At some point, it is very likely everyone has encountered that ringing noise in the ear that is apparent after a hard rock concert, or even after mowing the lawn. Imagine if this temporary annoyance was permanent- and painful. Guitar players are at risk for what is called tinnitus, and may very well be doomed to hear this ringing noise indefinitely, without prevention.
Figure 1 – Having wax build-up can lead to temporary tinnitus. Permanent damage can easily come from excessively loud amplifiers.
Tinnitus can come from a few sources, such as wax buildup or a bad sinus infection. These sources are usually temporary, as they can be fixed. Guitar players are at higher risk for permanent tinnitus because o the loud noises that guitarists are exposed to. Playing on high volumes can very well damage ears after every session- and eventually cause permanent damage.
In more scientific terms, pain actually starts to begin at 120 decibels. A decibel is a unit of measurement for noise- the larger the number, the more risk is taken. Out of all the musical instruments, guitars are some of the loudest- with amplifiers very well capable of 120 decibels and over. Rock concerts come in at 150 decibels- where tinnitus is almost guaranteed to make a presence, and will surely be noticeable after the concert.
Figure 2 – Have a case of tinnitus? Make sure to lay off the alcohol, caffeine, and even aspirin!
If the damage has een done, whether temporary or seemingly more permanent, there are a few things that can be done to prevent more damage. Taking aspirin, alcohol, certain drugs, and even caffeine will worsen the condition. It is recommended that exposure to noise be limited if tinnitus is being experienced. Only with time will tinnitus reduce in effect, unless it has become permanent. In this case, more specific treatments are required.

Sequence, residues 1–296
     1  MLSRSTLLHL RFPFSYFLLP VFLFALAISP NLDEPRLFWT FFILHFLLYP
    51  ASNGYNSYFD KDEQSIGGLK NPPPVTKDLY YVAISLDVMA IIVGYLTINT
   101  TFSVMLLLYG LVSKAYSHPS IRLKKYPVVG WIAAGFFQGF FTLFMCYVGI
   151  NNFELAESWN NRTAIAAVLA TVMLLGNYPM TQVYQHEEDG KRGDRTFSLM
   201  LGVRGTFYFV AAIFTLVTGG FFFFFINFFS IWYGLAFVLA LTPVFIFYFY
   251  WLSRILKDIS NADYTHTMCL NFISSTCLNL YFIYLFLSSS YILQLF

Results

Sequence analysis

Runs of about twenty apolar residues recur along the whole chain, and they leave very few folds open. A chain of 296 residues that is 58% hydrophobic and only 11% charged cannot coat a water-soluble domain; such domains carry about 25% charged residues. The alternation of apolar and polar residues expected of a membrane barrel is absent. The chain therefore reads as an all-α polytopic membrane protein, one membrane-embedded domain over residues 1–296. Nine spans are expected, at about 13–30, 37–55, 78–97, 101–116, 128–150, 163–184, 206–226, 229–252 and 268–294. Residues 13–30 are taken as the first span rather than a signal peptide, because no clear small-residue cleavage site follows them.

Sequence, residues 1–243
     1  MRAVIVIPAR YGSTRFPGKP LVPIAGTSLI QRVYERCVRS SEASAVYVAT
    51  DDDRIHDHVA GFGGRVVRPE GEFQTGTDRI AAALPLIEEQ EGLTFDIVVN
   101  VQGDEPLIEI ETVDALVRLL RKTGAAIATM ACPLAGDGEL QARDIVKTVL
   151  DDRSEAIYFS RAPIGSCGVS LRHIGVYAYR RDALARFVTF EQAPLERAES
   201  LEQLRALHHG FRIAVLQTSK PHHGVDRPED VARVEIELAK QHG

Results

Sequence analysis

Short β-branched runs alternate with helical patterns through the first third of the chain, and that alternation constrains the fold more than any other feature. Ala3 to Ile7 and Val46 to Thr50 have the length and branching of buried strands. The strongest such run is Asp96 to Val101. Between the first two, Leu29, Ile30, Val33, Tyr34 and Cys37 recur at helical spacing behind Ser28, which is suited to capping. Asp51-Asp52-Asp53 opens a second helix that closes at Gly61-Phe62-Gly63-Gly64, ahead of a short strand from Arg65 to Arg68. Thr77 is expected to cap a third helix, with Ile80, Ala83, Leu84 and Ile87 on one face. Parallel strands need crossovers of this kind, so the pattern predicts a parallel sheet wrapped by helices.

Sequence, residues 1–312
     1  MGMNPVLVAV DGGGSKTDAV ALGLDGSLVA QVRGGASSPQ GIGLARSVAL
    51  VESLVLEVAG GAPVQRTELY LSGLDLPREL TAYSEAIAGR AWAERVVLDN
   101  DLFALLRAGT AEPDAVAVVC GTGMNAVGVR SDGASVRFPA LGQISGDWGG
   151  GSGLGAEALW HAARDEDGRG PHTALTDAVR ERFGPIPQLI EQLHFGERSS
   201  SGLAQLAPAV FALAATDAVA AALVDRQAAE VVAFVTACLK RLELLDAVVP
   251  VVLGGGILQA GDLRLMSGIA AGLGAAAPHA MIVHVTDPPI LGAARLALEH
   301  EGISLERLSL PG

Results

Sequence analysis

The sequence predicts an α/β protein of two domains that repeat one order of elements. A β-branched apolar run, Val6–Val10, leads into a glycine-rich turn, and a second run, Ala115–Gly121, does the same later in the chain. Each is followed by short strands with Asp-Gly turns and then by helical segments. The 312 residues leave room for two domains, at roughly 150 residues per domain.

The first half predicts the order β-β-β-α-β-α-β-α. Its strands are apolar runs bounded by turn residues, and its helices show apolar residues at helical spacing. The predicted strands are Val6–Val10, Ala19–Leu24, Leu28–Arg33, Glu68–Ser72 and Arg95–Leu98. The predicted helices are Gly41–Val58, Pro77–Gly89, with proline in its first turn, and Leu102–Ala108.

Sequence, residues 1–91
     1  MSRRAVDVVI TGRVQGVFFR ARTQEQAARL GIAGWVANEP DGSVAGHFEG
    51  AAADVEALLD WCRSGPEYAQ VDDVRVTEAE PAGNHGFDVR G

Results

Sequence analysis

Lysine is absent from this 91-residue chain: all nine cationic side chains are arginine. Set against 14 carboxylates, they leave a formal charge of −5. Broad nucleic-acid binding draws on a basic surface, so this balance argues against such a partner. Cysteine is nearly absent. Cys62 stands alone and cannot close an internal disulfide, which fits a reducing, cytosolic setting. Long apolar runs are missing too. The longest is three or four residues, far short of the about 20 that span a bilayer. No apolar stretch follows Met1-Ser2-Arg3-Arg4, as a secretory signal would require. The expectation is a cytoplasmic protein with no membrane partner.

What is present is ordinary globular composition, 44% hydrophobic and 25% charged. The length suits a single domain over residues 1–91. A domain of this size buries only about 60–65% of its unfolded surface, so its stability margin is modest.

The prospect of knowing the ringing sound heard by tinnitus sufferers will not go away is very frightening. Certain hearing aids and surgeries can mask the noise of the ringing, so sufferers of tinnitus can experience a bit of peace. Sadly, there is little research into the condition- and a cure is not available. Until a viable cure has been developed, further prevention and masking remain to be some of the very few choices tinnitus victims have.
Figure 3 – Playing loud doesn’t always mean playing good. Reach for the volume knob when things get noisy.
Overall, prevention is important to avoiding tinnitus. High volumes can make a great guitar riff ten times as good- but breaks should be taken. If loud sound can not be avoided, it is best to take 30 minutes breaks when possible- usually when hearing loss is noticed. There are custom fit earplugs available that can decrease frequencies on all levels by the same amount- so sound and music won’t be distorted. Cheaper brands will of course distort music, but are cheaper. In any event, it should be noted that toilet paper and a little creativity will do nothing- at least, nothing beneficial. In all seriousness, consider turning the volume down a little for the next jam session to keep your playing career both long and enjoyable.